Mashpee Commons is the first retrofit of a strip shopping center into a mixed-use, mixed-income, pedestrian-friendly town center. DPZ was invited in 1988 to create a master plan for the commercial center and to propose designs for the surrounding neighborhoods. The plan was accompanied by a detailed design code, used to define both new construction and the redevelopment of existing buildings. Over the next 15 years, Mashpee Commons grew to become a lively urban core for the surrounding suburban community of Mashpee, which encompasses 23 square miles. In May 2002, DPZ held another design charrette to finalize the structure of the project as a finished town, with a mixed-use center and two attached neighborhoods.
Mashpee Commons Town Center currently boasts a wide range of national retailers and local “mom-and-pop” merchants. A great deal of time and skill were required to achieve this retail mix, which has managed to include such basic necessities as a supermarket and a drugstore. Some of the shops are housed in liner buildings – 20-foot-deep structures that conceal the parking lots and provide more affordable leasing space. In addition, lofts and live-work units accommodate people who wish to incubate their own businesses by paying one mortgage for both the commercial and the residential space.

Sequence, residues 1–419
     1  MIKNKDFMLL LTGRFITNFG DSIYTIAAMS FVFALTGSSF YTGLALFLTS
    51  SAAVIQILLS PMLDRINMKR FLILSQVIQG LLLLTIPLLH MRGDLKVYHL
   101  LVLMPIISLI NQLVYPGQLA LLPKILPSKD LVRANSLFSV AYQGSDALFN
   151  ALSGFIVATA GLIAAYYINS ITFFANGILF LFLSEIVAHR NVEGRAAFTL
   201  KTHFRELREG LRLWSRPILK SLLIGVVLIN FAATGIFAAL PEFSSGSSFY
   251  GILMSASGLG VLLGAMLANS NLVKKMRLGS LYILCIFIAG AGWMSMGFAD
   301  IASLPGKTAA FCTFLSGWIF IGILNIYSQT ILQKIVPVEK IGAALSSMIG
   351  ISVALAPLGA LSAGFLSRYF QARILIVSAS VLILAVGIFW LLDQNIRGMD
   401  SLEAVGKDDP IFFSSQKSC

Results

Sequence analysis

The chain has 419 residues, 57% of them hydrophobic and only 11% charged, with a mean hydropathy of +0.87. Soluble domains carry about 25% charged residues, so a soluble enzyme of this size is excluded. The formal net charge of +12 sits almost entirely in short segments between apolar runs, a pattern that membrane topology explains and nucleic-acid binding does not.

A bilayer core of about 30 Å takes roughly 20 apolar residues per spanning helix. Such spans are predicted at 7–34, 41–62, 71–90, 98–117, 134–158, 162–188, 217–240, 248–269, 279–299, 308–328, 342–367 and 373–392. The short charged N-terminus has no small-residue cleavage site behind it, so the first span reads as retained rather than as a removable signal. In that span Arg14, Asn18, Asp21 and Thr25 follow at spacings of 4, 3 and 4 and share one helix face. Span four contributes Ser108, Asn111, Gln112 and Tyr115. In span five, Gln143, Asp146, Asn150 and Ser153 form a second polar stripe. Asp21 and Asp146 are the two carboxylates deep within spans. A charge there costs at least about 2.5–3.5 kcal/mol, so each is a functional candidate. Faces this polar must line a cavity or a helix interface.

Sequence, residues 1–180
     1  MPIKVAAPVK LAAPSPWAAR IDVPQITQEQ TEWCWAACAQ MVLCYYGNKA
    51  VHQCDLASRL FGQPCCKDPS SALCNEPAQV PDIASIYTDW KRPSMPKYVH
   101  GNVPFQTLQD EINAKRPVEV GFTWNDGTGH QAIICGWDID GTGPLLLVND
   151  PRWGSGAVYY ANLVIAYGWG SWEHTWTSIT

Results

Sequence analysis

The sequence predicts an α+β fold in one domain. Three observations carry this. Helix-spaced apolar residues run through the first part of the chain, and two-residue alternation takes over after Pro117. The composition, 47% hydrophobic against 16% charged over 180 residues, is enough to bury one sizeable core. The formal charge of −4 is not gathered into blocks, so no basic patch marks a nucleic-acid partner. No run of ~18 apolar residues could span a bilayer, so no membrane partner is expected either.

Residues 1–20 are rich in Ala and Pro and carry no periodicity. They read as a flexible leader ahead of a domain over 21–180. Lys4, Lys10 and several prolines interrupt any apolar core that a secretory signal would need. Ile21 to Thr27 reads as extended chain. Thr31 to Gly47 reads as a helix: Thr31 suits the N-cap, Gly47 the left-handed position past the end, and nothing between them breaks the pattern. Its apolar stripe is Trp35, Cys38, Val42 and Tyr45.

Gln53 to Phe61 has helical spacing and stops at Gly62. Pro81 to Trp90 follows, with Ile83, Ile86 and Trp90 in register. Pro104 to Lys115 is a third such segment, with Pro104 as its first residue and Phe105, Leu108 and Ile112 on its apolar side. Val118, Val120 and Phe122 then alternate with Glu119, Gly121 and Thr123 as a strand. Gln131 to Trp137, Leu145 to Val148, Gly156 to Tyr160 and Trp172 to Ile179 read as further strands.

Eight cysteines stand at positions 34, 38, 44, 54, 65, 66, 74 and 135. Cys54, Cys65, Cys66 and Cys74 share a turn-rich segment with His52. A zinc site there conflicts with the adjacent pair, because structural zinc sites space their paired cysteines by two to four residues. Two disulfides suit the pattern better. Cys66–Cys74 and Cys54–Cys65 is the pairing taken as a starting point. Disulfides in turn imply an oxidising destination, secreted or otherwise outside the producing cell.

The housing in Mashpee Commons provides an equally diverse array of offerings. Affordable units are interspersed throughout, covering a great variety of typologies and with an architectural syntax identical to the market-rate housing (which includes starter, senior, and luxury options). There are a number of apartments already built above the stores, with additional units to be allocated in the surrounding neighborhoods over the next phases of construction.
A substantial complement of civic infrastructure in the mix of uses at Mashpee Commons helps to complete the community. Included in the plan are: a church, a hotel, a children’s museum, a library, a medical office building, and a proposed performing arts theater. There are proposals for additional institutions such as a daycare facility, a fire station, and a city hall.
The architectural style for the project is traditional Cape Cod. The simple volumes, the vertically proportioned doors and windows, and the limited palette of materials are the basics of this practical and highly attractive architectural vernacular.